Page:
I have not tried using the foot controller option for the Boss GT-001 just yet. I plan to plug in an expression pedal most likely. I also haven’t used the XLR jack yet which provides a mic option. I actually use both a Boss VE-20 and TC-Helicon Voice Live 2 for vocals, so it’s likely I won’t use that feature anytime soon. It’s nice to have it though. The build is not that bad with the Boss GT-001 and I like very “light” objects on my synthesizers to avoid devices falling or banging the expensive synth gear. So while guitar players might cringe at the light plastic feel of the GT-001, us synth players might actually prefer it. The Boss RC-202 has a better build by the way than the GT-001, but not by much. Note that the Boss GT-001 and Boss RC-202 are not battery powered in case someone asks.

While the Boss GT-001 is not setup for synths straight out of the box, it can handle them very well once you go in and tweak the patches. The preset patches are awful for the Nord Lead which is why I spent and hour or so tweaking all of the 200 patches in the Tone Studio Software on the Mac to my liking. I then could tolerate and tweak further with the synth plugged in. The effects are shaping up really nice now and it’s so nice to have such a small, yet powerful effects unit on the Nord Lead. The effects do sound great and definitely help the Nord Lead 1, 2, and 3 catch up to the Nord A1 in terms of that vintage effect sound. The GT-001 fattens up the Nord very nicely.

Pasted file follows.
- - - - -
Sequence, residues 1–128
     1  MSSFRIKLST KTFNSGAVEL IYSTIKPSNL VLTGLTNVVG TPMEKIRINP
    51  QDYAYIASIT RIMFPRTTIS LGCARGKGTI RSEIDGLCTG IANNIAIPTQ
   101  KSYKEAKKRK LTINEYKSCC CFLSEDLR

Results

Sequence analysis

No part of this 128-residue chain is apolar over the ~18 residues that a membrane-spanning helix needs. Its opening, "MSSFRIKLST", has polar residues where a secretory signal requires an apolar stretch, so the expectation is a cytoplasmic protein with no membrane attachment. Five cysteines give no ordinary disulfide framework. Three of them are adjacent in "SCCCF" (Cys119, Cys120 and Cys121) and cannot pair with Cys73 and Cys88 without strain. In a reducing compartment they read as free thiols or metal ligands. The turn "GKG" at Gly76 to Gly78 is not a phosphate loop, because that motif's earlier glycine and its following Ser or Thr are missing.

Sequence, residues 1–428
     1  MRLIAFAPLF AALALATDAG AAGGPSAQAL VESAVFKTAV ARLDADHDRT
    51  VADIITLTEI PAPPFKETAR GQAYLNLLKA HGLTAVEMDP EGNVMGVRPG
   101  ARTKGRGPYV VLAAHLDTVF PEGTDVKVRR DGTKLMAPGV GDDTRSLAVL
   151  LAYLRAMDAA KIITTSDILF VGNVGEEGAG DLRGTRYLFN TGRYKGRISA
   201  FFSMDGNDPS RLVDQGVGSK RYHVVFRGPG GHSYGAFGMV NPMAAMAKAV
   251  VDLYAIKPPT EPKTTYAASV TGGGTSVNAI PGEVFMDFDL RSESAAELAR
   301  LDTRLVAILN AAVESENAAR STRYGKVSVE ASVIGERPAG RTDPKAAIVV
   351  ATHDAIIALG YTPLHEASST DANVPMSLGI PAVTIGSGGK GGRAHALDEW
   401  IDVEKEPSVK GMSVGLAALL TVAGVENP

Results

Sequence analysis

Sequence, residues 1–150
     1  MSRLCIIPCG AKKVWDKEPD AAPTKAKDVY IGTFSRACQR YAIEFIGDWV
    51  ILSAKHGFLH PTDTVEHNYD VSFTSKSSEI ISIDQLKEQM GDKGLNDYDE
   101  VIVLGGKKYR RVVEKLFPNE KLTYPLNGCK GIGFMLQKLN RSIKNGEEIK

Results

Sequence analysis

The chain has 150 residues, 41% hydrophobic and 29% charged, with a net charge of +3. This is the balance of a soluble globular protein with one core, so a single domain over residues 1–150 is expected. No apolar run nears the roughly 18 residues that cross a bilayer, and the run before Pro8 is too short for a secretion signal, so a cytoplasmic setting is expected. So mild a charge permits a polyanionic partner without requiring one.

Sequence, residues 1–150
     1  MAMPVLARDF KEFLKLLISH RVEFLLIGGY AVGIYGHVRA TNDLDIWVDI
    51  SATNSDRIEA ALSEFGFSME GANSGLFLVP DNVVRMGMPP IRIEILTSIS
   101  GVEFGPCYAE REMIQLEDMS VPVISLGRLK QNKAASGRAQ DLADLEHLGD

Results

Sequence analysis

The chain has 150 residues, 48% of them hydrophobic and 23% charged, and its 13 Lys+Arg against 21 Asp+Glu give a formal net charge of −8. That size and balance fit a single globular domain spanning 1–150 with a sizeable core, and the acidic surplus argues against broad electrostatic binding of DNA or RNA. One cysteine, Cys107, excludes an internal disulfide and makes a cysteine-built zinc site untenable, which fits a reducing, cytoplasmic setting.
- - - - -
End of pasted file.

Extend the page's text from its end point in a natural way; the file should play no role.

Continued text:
I’ll update this post further with additional thoughts as I progress with the Boss GT-001 effect processor.

One thought on “Boss GT-001 Effects and Nord Lead 2

  1. Another reason I bought the GT-001 is the following: “In addition, there’s an enormous range of amazing effects on hand—overdrives, distortions, mod effects, delays, reverbs, pitch shifters, you name it. BOSS’ latest MDP effects are also on board (Tera Echo, Overtone, and A-DIST), as well as newly developed Rotary 2 and Acoustic Guitar Simulator effects.”

    Note I’m a HUGE fan of the Zoom effect series owning both the Zoom G3X and Zoom G5, plus a few of their Tone Pedals. I just like the form factor and weight of the Boss GT-001 which drew me into giving it a try. It really does feel like it was made for the Nord Lead and perhaps other synths.